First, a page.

But it got to be noon and we needed something to eat. In what would become the theme for the day, I scrounged the cooler and pantry for stuff for breakfast and came up with this delightful mess for breakfast. This is the kind of thing I would serve for brunch, if I ever did brunch at a restaurant, which I have vowed never, ever to do.

Black Bean, Potato, and Egg Mess
This particular mess is fried redskin potatoes cooked with onion, black beans, jalapeño, garlic, and cilantro stems and bound with a few fresh chicken eggs, garnished with grape tomatoes, cotija cheese, and more cilantro.

Continuing the improvisational theme for an early Sunday dinner before starting my fast, Ann had some zucchini in the fridge, which I made into traditional latkes. I guess I can add that to my list of vegetables from which I have made latkes. They were really good, tasting like a combination of latke and fried zucchini.

Zucchini Latkes
In the afternoon, I also made Ann some eggplant "meatballs" to eat during the week (eggplant, onion, garlic, rosemary, basil, egg, panko, and cotija). I cooked the onion until it was browning around the edges, then added the rosemary and garlic and let that cook for a minute, and then added finely diced eggplant. I added bits of water as necessary to steam the eggplant and to let me scrape up the fond from the bottom of the pan. Once the eggplant was soft, about 12-15 minutes, I folded in the basil and seasoned the eggplant. After cooling for a minute, I put it in a bowl with some panko, a bit of Cotija cheese, and an egg. Mixed, the eggplant sat on the counter for five minutes to cool at which point I made it into meatball shapes and put them on a greased sheet tray in a 350F oven for 30 minutes to set.

Friday, July 17, 2015

Pizza Margherita

Summer and the first ripe tomatoes means only one thing to me: time to get busy making fresh mozzarella! And mozzarella and ripe tomatoes means only two things: Insalata Caprese and Pizza Margherita! At home on a weekend when there is plenty of time to get some dough rising, it's pizza time for sure.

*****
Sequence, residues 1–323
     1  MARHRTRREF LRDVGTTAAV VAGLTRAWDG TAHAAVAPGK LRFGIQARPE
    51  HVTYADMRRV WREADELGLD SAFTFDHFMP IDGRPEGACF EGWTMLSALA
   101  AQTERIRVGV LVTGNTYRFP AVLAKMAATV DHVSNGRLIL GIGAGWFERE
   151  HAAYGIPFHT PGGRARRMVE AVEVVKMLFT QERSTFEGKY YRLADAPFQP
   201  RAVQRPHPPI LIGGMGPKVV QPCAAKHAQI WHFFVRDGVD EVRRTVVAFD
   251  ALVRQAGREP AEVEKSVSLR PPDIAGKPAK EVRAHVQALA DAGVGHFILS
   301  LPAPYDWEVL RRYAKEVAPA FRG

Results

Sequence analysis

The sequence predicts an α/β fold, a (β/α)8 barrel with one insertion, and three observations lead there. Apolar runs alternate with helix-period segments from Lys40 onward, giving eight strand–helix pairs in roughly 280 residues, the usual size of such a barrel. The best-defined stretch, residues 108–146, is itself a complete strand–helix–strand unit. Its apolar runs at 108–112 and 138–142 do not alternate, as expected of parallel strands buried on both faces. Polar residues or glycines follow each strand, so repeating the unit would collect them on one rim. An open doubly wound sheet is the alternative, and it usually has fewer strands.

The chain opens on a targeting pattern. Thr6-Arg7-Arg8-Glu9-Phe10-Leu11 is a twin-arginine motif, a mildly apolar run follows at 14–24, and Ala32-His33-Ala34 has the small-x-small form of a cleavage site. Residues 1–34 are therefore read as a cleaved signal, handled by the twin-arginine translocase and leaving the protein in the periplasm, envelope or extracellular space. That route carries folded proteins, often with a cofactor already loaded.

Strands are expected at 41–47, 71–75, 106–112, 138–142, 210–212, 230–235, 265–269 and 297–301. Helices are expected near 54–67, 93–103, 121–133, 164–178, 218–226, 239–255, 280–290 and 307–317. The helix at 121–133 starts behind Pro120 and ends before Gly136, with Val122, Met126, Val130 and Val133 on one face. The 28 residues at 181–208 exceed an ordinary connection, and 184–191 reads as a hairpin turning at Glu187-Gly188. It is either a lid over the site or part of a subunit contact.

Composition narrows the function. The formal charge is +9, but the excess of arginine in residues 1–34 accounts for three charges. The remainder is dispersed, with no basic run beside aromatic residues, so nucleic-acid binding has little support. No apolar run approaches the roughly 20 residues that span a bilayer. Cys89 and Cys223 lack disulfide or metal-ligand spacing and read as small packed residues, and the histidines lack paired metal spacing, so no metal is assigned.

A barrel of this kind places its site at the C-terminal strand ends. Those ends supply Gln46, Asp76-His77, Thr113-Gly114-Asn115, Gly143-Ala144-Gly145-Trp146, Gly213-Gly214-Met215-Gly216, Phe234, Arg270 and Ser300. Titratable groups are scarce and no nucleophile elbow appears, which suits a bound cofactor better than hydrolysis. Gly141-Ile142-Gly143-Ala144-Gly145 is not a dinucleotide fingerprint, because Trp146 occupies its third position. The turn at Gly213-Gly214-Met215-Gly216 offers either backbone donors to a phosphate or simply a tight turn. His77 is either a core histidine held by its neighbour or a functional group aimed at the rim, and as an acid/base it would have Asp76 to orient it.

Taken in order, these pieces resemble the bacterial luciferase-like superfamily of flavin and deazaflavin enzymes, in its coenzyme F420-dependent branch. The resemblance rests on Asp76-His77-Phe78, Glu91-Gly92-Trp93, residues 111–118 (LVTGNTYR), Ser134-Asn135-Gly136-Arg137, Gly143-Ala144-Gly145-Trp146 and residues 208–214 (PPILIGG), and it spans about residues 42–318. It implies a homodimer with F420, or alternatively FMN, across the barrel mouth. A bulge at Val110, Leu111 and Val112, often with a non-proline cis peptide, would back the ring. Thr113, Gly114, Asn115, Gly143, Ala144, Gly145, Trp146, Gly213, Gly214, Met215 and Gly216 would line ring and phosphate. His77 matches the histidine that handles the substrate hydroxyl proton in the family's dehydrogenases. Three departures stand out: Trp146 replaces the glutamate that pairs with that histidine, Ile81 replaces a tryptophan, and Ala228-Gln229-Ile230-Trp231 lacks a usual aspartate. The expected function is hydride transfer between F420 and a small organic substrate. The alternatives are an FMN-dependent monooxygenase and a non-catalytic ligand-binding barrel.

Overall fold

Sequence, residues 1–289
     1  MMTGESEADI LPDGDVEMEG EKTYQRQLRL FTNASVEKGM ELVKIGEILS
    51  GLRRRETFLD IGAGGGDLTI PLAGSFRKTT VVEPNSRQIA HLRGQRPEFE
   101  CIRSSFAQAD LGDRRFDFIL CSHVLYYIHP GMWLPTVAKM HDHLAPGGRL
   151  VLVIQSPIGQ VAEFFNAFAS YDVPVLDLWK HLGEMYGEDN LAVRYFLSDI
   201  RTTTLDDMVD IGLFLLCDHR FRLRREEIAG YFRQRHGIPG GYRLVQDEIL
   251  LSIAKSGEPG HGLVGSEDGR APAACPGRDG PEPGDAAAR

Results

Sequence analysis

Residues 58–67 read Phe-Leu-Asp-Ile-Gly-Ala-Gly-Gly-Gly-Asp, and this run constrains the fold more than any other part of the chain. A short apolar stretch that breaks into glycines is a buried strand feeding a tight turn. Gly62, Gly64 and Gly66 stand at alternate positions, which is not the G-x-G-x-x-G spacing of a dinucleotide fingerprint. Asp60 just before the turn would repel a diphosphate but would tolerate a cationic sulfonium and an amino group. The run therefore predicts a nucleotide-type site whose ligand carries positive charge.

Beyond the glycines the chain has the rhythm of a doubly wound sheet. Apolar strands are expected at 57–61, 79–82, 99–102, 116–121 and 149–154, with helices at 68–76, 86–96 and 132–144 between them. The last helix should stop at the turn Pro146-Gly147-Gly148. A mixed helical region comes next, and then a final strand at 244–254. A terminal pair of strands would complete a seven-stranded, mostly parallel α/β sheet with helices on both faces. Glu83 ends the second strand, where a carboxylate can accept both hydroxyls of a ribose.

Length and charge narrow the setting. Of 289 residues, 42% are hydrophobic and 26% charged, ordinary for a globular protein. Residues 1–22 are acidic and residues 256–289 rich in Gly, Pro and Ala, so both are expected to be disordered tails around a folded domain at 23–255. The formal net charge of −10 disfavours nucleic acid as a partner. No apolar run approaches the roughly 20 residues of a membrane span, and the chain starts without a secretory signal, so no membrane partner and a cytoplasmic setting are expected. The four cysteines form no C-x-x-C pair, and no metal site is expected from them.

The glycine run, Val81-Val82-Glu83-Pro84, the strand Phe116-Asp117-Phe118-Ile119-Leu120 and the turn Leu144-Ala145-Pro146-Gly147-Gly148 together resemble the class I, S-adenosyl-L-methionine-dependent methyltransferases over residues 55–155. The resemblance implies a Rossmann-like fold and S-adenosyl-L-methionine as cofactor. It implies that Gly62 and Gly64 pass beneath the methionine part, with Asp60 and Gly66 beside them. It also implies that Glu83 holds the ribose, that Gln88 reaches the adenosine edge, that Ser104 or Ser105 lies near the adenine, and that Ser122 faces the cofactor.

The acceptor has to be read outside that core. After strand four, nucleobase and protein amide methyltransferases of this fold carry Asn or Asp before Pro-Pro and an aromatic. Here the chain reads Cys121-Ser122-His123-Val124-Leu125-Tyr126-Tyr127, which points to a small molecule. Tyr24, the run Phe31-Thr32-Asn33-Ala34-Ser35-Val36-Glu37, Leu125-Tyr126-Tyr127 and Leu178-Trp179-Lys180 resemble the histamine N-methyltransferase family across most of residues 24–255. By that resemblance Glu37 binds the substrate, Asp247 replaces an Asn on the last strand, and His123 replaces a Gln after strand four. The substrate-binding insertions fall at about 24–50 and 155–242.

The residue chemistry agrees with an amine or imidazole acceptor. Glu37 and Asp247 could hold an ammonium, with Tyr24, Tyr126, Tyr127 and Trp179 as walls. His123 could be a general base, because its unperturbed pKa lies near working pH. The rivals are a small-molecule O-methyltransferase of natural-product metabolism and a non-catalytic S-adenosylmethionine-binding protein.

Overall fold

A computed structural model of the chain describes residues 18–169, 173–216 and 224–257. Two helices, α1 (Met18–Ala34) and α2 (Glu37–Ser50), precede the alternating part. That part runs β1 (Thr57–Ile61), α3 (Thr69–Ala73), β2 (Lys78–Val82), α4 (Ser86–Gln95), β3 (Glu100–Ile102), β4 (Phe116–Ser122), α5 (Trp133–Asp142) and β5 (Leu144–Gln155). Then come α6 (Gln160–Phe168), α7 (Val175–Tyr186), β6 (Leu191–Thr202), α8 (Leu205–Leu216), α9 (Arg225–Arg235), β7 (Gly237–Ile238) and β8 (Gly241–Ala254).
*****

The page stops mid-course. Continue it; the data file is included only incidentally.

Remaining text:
Grilled Pizza Margherita
A lot of people swear that a Margherita pizza must have red sauce on it. I'm not going to say that they are wrong, but merely misguided. I would rather have big slabs of ripe tomato on my pizza than sauce any day!

We ended up making these pizzas on Monday rather than Sunday as planned because apparently our yeast is a bit feeble and it took an extra day to get it going.

When grilling pizzas, I stretch the dough and spray the grill bars with pan spray. After two turns on the grill with the top closed, the crust is flipped and the bottom gets a single turn. Then I pull it out of the grill, three-quarters cooked, and put the ingredients on the top side, which has been fully cooked.

First, I drizzle olive oil on the crust, then sprinkle it with salt, then lay on the basil leaves. Over this goes the mozz and the tomatoes and another sprinkle of coarse salt. Back into the grill it goes with the lid closed until the mozz is melted. This is all best accomplished over medium heat. High heat cooks the bottom crust much more quickly than the top crust and the result is half-baked and half-baked is half-baked.

Sunday Sipping
This weekend was fairly temperate and we were able to sit outside a lot and that was a blessing after the blazing temperatures of June. This village-level Chablis from Albert Bichot (Domain Long-Depaquit) is a delicious Chardonnay and one of my favorites of the summer.

Thursday, July 9, 2015

July 4th Weekend